Namazu looked at her and nodded, commanding the ship to use ground penetrating scanners. They examined the display looking for anything that could indicate an alien presence.  One cave was occupied. They saw pale light coming from its opening. The ship banked again to the right. They headed to a location a safe distance away. They would continue towards the caverns by foot. 

Namazu chose a flat rock just west of the caverns to set down. Cantilevered legs lowered the ship down. She spun around in her chair and stepped out. They crept, quietly, down the face of the bluff to the shallow Valley of Caverns. Loose sand shifted under her feet and small rocks scattered down the incline. She lost her footing and sat down heavily on shifting rubble, sliding down the hill.

Erish grabbed a clump of grass to hold onto.

Amun, went around the loose gravel, hopping onto larger rocks until he had reached the bottom.

Namazu’s face was red with annoyance, “Almost broke my damn neck!” she whispered aggressively. 

Amun could see her face and environmental suit were dusty.

She walked ahead, shaking dust off her arms, gesturing for them to follow. She tapped her solar-plexus and a light shone from her chest onto the ground ahead. Clumps of dried grasses and rocks littered the valley floor.

They held new weapons at the ready. Erish also improved shielding since they last encountered the Tlalocs.

During the riots at Mississippi, the Tlaloc beam penetrated Namazu’s shield. Now, Erish claimed, even though they had no opportunity to test them in real battle, nothing could penetrate the shields, not even a laser. Ahead on the right, they saw a faint glow from the mouth of a cavern. They walked slowly, careful to be quiet. Namazu turned off her body light.

They froze when they saw someone walk to the mouth of the cave. Amun sighed. It was a human who had recently been accused of stealing from a temple.

Namazu turned around facing Erish and Amun. “It doesn’t mean the Tlalocs are not here too.” She looked at the ground, her brows drawn together. Namazu was personally invested in defeating the Tlalocs after almost being killed herself. “I can feel those bastards here,” she said, gritting her teeth together.    

Amun withdrew a small case from a pouch at his side, and opened it. Invisible sensors within it flew towards the cavern. They would copy themselves and allow them to view the interior from a display at the palace. “Let’s return,” Amun said.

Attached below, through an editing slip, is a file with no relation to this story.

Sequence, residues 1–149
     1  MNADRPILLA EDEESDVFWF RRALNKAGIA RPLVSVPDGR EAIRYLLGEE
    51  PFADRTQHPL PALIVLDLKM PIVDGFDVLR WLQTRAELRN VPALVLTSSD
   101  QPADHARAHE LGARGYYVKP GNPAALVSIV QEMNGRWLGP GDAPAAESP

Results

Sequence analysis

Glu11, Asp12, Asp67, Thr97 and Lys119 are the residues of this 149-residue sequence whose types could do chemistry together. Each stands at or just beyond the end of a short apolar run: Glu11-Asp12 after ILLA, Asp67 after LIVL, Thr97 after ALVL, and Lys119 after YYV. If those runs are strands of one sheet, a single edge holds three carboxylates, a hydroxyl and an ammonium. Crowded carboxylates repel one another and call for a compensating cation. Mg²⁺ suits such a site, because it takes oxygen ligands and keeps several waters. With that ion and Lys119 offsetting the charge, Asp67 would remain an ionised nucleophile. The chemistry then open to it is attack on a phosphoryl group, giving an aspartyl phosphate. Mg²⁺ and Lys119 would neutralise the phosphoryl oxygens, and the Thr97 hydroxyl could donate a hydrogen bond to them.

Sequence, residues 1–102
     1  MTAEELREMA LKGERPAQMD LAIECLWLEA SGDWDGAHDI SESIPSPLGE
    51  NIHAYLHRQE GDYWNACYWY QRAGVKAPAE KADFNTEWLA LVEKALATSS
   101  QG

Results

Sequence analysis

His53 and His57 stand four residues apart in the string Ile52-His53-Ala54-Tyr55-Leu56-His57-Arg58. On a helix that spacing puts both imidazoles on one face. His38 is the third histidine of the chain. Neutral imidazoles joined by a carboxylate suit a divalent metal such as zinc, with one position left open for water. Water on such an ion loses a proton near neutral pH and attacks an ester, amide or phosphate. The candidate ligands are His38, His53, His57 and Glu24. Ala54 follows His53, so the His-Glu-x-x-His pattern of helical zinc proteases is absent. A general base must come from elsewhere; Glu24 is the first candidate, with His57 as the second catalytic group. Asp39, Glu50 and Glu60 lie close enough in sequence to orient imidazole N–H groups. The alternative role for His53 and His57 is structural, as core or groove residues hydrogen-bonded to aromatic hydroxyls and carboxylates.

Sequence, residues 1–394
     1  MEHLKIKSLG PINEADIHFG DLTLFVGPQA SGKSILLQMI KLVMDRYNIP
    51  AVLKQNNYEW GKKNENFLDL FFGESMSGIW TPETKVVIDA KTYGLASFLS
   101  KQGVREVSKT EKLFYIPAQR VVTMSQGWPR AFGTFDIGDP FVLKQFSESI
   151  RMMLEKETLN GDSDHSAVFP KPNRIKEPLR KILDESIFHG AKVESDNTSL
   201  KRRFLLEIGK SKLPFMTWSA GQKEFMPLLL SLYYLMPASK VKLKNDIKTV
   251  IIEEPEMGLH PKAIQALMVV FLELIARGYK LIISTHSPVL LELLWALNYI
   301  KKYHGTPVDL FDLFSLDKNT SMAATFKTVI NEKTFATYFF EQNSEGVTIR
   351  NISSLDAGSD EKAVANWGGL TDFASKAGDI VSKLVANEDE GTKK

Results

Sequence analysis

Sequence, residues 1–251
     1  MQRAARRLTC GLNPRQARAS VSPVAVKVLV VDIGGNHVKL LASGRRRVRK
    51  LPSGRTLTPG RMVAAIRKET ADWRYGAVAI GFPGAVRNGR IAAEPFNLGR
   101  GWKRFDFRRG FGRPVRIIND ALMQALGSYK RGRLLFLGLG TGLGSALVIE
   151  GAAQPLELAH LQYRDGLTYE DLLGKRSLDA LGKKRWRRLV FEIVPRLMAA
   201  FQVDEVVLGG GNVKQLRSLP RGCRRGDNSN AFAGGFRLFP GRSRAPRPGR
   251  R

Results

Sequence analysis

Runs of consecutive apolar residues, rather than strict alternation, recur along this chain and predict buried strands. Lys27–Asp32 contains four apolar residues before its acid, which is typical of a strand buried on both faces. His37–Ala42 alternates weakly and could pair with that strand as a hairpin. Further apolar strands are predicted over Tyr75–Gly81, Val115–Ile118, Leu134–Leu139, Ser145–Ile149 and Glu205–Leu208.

Namazu sighed heavily. Clearly, she wanted to find them now.

“We will get them,” Erish responded. They turned and headed back to the ship.

When they had walked far enough away from the cavern to speak, Namazu asked with frustration, “Have the Elders let us know when we can go to Lake Toba?”

Amun thought of his recent assignment there. At the same time, he could not refrain from thinking of the images he had felt from the Tlalocs. He had not intended to communicate these thoughts to his team yet.

Namazu seeing the images in his thoughts, froze in her tracks. “What?” she said aloud. “When were you going to tell me?”

Amun looked down, embarrassed. He had not wanted to worry her until he had further orders.

“You must tell me these things!” Namazu ordered him.

He looked at her with sadness in his eyes and communicated the rest of the information to both of them.

Erish turned around, looking back towards the cavern. 

Namazu grew angrier. He could see she was flushed. She straightened, and walked ahead, passing in front of Amun coldly.

Silently, the three of them made their way back up the steep incline to the ship. “I’m sorry,” Amun offered. “I didn’t want to make things worse for you.”

Namazu looked back at him through narrowed eyes, feeling guilty for allowing herself to take her anger out on her brother, one of the only males she had ever trusted.

They continued towards the ship.


The next morning, Namazu went over scans from their trip over the valley. She looked at data from the spray of humid air, wondering if the ship could have misidentified its source. Only one conclusion made sense, the vehicle it came from had entered the cavern where they saw the human.

She commanded, “Show me the cave.” A display materialized, showing a dimly lit cavernous interior. There was nothing except smoldering remains from a camp fire, no humans, no Tlalocs.

She didn’t want to bother Erish and Amun so early in the morning. She decided to investigate herself. Since it was daytime now, she would take a jet-bike to minimize detection. She would fly close to the ground.

In her chambers, she constructed a hidden wall, controlled by biometrics. She exhaled onto a sensor, and the door slid open. Her jet-bike hovered silently out of its resting space into the air. The southern wall of her chambers opened onto the garden. She sat on the vessel and coasted out, hovering over a small pond. Once there, the personalized vehicle lifted into the air, and flew towards the valley of caverns.